In this blog, we tackle the issues to deploy machine learning models from a development (or training) environment to production. Punch keeps on progressing in this area, and provides data scientists and engineers simple but effective tools to facilitate their joint work.
What is the problem ? The gap between development and production stays common, in particular on secured on-premise platforms. Whether in terms of dataset size or access or simply because the working environments are completely different. At the end, when a data engineer receives work from a data scientist, he encounters serious difficulties to industrialise it. In the worst case a complete rewrite of the data scientists work is required.
To address that issue, Punch team has customised a Jupyter notebook called JupyPunch.
Many Punch production features such as source and sink data connectors, package and configuration management, PySpark or Python configurations and dependencies, are directly available in the notebook. The data scientist keeps working in a familiar notebook, without even noticing that behind the scene a (say) PySpark on Kubernetes is at play.
Punch ML Workflow
- On the left side, the JupyPunch notebook.
- blue cells are provided by Punch. They provide export/import facilities to deal with the python dependencies, and the generated models.
- red cells are also provided by Punch, they give access to all the supported Punch data connectors. Here for example they provide access to S3.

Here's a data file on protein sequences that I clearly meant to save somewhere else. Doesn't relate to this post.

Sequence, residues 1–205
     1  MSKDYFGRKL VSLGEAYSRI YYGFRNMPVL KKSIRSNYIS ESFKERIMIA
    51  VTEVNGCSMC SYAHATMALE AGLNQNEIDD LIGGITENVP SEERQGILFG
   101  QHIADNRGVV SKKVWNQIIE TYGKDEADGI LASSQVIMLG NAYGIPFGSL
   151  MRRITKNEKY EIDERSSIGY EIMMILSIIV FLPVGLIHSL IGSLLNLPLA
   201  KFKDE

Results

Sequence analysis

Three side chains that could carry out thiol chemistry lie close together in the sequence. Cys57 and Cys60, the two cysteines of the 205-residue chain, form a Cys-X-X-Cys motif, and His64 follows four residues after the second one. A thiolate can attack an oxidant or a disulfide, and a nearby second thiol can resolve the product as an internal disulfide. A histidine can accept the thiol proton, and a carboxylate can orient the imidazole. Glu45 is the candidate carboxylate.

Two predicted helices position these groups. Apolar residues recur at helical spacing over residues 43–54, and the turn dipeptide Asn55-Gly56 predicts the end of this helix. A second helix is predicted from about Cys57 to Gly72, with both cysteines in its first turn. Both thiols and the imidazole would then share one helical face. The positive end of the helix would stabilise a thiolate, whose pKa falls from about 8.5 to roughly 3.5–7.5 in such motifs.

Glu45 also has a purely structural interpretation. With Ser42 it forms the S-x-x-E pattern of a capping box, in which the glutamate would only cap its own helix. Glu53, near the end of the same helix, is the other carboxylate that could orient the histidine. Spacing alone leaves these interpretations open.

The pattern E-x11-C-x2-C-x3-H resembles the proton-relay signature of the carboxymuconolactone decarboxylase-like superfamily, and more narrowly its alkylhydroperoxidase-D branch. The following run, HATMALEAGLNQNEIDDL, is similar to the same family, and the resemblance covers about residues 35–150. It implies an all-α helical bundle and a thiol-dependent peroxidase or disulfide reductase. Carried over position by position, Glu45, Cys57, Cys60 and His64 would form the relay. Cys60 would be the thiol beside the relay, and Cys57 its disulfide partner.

- in orange the user cells, in our scenario these are the ones that generate the trained model.
- a blue cell (Model Export) takes care of packaging that model to Punch Artifacts Server. Also provided by Punch.
- The righ-side blue component is the Punch Artifacts Server. It indifferently stores models, processing functions, resources files etc..
- Last the Minio third-party (red) component is used here to persist all data.
Complete Use case
Let us see this workflow in action. The use case chosen for this demonstration is a credit card fraud detection. Data comes from https://www.kaggle.com/datasets/dhanushnarayananr/credit-card-fraud.
We first downloaded the kaggle dataset and uploaded it in a working S3 bucket. Our first notebook will then takes care of creating our tutorial datasets to emulate a real-case setup:
- the entire dataset is inserted into an ElasticSearch index. That dataset emulates our production dataset. Only the data engineer can access it.
- a train and test dataset are generated by splitting the input dataset in two parts, both stored in S3. These are the ones used by the data scientist.
Because the training and test datasets are small, this first notebook uses the Punch Python kernel . That kernel is a lightweight single process kernel. You can do the same operation using the PySpark kernel.
The second notebook illustrates how a data scientist generates a model, then uploads it to the Punch Artifacts Server. Again Punch Python kernel is used, should the datasets be bigger, the PySpark kernel could be required.